Following defeat in battles against the Scots, the rule of the isles was ceded to the Scottish crown under the Treaty of Perth, signed in 1266. It was not until the MacDonalds under Angus Og, a descendant of Somerled, supported Robert Bruce in the Scottish Wars of Independence, that their fortunes were to rise again. On claiming his victory, the new King Robert granted back both forfeited and new lands to Angus Og in the early 14th century. Angus's son John is credited with being the first to give himself the title of Lord of the Isles.
The power base of the lordship was centred at Finlaggan on Islay. Here, two islands in a freshwater loch surrounded by rich and fertile land, served as the lord's residence and court. For over one hundred and fifty years it was at Finlaggan that new lords were inaugurated and that the administrative Council, a quasi- parliament, met and deliberated.
The lordship was ended in 1493 when the last lord, John II was found to have acted treasonably in treating with the English king against King James III of Scotland and was defeated in battle by James IV. In the political vacuum which followed the fall of John II, there followed numerous rebellions and order was not restored until King James IV returned lands on Islay to John of Ardnamurchan, a MacDonald. Under his rule, a new court system was instigated, land valuations were carried out and the church was reformed. These changes were not universally accepted, however, and the threat of insurrection remained ever present.
It is likely that the castle at Dunyvaig near Lagavullin, already a well used stronghold which may once have been used by Somerled, was refortified during this period. On the death of John of Ardnamurchan, administration of the Islay estates was passed firstly to Sir John Campbell of Cawdor and latterly in 1528, to The Earl of Argyll, Alexander MacIan. Finally, after disagreement, much of the lands fell to King James V in 1542. A rebellion led by Donald Dubh to regain power was put down and, with it, the hopes of restoring the lordship for ever.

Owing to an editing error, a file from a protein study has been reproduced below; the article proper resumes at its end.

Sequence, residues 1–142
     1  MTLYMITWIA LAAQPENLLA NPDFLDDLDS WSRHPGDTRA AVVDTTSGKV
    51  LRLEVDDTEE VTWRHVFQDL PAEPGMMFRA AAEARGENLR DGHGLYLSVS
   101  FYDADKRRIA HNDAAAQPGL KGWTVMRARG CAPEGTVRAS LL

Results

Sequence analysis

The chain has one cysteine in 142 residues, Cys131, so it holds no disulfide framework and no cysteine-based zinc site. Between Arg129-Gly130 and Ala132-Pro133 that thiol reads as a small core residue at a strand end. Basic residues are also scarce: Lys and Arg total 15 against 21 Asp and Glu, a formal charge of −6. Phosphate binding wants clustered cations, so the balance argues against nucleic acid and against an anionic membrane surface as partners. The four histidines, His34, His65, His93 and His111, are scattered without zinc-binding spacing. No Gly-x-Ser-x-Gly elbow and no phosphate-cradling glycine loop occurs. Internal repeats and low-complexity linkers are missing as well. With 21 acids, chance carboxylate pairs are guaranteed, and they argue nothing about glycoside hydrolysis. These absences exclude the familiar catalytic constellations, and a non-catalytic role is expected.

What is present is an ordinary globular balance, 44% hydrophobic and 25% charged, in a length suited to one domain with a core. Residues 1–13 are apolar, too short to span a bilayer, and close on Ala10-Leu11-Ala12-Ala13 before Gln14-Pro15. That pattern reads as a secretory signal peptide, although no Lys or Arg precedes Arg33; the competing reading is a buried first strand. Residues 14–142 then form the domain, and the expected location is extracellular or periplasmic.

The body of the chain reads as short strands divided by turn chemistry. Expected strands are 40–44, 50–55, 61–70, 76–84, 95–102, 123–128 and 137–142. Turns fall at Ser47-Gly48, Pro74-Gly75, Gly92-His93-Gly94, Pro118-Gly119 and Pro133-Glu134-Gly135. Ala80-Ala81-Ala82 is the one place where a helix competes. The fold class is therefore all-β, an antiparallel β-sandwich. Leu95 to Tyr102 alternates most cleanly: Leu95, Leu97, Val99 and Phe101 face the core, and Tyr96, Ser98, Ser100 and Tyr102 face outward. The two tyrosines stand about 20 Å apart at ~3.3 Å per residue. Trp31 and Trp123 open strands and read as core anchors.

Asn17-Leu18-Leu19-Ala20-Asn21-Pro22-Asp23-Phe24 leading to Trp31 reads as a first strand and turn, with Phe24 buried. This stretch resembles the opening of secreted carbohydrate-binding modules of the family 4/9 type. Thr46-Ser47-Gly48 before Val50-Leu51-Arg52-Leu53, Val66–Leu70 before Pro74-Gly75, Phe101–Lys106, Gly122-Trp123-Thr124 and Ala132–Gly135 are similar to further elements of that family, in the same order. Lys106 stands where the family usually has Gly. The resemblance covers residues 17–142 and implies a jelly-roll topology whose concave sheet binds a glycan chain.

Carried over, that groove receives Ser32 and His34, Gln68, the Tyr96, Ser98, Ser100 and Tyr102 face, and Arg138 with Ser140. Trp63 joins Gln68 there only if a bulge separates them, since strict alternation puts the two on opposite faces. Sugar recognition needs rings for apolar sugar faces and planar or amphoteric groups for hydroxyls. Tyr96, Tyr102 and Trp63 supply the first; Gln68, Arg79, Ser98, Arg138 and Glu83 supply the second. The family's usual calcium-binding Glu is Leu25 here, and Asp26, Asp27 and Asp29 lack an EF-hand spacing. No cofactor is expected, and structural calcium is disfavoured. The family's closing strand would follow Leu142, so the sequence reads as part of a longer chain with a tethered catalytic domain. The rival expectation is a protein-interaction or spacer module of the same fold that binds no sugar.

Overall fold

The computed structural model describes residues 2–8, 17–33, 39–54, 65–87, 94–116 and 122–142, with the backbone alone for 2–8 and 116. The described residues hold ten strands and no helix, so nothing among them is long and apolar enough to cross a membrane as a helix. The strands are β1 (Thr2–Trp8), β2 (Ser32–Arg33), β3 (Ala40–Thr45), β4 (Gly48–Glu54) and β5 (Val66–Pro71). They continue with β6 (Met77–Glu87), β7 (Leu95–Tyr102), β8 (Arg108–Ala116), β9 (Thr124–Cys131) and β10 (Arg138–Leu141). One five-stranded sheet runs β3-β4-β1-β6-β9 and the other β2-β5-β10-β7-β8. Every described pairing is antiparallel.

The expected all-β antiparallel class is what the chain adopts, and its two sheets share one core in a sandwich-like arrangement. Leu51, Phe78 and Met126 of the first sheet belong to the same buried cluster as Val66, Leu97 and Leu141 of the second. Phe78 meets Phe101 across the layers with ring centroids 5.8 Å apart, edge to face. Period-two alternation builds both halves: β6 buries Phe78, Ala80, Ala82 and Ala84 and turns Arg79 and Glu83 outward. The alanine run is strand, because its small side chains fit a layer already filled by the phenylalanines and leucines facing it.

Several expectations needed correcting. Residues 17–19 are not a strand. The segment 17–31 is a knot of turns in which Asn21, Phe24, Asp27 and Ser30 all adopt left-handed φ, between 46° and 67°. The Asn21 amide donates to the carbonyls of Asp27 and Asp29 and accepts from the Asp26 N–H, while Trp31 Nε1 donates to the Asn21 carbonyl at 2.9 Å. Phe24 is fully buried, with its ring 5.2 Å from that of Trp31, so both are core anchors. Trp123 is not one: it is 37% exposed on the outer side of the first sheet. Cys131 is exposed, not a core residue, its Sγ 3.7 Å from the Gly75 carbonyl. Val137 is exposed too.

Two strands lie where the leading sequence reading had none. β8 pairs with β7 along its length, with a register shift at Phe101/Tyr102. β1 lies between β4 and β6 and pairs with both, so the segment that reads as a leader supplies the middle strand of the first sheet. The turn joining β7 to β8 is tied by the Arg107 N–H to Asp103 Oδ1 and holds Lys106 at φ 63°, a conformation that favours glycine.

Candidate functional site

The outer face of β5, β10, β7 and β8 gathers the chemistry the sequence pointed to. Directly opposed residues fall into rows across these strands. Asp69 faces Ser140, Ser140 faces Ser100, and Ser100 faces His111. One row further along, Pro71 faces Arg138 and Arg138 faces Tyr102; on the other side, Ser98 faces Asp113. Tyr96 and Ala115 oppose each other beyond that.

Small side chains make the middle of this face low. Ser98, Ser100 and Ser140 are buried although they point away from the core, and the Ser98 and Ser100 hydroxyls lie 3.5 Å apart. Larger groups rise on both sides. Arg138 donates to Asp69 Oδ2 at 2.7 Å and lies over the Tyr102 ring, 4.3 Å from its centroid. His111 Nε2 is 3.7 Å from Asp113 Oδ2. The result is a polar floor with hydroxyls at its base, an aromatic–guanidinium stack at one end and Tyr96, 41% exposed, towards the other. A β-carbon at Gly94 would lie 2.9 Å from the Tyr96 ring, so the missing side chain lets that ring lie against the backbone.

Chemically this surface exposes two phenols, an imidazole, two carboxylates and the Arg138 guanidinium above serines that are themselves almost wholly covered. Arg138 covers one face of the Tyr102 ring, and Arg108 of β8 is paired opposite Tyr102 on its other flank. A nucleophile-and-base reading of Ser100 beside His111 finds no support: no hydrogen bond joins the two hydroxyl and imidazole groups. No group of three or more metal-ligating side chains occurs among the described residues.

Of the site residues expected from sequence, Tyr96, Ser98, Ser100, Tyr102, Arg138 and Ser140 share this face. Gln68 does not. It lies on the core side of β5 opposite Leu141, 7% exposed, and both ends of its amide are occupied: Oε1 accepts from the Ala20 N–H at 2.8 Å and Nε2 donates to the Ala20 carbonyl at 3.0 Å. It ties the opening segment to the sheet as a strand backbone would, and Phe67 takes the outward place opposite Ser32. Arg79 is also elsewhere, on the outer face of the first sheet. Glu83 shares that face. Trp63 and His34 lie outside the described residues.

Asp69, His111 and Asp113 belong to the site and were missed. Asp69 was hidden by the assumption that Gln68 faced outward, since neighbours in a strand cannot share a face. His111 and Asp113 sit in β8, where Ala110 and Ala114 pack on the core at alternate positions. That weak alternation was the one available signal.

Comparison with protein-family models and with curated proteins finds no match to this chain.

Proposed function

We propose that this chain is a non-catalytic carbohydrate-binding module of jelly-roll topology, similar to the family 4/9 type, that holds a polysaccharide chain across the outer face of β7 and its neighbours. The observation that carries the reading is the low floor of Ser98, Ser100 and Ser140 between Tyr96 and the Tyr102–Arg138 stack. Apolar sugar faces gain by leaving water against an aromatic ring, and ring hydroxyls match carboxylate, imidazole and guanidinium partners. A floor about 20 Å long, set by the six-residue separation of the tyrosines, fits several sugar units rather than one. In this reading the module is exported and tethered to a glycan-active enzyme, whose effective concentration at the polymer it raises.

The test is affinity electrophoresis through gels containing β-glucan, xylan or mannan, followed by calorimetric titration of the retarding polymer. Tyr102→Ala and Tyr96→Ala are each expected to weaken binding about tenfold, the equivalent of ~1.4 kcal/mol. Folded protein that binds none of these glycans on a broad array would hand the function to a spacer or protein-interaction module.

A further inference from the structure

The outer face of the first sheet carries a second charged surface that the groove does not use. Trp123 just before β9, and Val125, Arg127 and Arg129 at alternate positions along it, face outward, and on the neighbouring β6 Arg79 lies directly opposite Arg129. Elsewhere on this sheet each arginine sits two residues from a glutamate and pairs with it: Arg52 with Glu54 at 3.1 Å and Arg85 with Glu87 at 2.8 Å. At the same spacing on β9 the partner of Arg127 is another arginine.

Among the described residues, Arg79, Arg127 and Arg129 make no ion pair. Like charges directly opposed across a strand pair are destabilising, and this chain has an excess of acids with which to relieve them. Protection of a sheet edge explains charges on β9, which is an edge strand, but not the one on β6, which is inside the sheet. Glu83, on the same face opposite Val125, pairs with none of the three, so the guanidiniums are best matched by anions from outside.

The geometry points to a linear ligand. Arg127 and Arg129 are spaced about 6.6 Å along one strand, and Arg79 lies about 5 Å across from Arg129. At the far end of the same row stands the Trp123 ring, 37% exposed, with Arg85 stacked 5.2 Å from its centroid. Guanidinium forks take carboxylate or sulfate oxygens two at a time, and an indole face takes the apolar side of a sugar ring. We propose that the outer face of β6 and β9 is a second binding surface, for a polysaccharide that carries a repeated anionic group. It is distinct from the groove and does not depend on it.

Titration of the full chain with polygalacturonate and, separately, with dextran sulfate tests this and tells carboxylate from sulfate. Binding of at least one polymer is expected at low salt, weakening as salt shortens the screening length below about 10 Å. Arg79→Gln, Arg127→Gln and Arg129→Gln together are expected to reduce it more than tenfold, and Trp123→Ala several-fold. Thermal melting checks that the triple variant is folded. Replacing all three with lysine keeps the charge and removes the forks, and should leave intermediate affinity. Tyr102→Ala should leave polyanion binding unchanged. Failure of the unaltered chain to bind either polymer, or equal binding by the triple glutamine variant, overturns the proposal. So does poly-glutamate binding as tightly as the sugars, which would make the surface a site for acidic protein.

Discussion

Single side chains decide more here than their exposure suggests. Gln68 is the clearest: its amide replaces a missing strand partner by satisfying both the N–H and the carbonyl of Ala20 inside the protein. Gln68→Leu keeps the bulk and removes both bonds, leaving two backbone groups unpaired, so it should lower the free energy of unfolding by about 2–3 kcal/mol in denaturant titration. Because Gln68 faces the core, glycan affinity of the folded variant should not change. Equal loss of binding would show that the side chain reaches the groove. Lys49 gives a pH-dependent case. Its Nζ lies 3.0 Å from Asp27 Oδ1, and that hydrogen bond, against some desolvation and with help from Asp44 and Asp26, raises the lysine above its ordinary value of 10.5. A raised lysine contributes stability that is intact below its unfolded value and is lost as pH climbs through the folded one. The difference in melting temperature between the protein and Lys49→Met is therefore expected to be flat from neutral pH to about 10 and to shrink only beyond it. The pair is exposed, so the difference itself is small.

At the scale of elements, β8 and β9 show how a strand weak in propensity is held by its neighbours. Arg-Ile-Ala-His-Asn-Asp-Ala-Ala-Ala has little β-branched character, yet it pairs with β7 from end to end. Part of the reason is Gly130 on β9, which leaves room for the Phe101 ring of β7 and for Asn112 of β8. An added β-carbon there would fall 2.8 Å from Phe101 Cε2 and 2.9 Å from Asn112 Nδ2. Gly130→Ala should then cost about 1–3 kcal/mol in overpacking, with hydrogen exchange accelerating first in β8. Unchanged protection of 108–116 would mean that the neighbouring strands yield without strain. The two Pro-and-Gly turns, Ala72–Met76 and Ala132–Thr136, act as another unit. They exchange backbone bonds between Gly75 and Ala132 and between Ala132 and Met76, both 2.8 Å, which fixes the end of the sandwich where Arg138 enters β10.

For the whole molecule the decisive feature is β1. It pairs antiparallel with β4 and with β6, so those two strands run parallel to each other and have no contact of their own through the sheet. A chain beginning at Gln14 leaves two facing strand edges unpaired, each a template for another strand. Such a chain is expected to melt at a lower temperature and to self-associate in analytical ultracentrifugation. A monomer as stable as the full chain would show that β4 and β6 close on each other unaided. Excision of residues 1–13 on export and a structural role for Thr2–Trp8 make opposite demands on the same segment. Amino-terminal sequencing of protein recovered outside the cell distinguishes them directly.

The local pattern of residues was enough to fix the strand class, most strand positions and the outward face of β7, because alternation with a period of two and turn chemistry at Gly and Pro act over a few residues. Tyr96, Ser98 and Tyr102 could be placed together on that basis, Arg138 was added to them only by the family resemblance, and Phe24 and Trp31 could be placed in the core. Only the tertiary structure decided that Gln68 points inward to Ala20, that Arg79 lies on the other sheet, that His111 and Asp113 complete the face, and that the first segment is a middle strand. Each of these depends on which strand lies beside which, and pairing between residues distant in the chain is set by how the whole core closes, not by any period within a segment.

Feuding continued on a smaller scale, however, culminating with a battle at Loch Gruinart between the MacDonalds and MacLeans over the ownership of the Rhinns. The battlefield site can still be located and burials said to represent the slain from this battle have been reported nearby.
The downfall of the MacDonalds provided opportunities for the rise of the Campbells, who acted both as representatives of the crown and as chiefly rulers. They continued to expand their influence and land holdings, including those on Islay, until by the 17th century they occupied a dominant position and Islay gradually came under Mainland Scottish influence. The Campbells acted largely as absentee lairds and despite some attempts to improve farming and introduce new industry, Islay languished for much of the 17th century.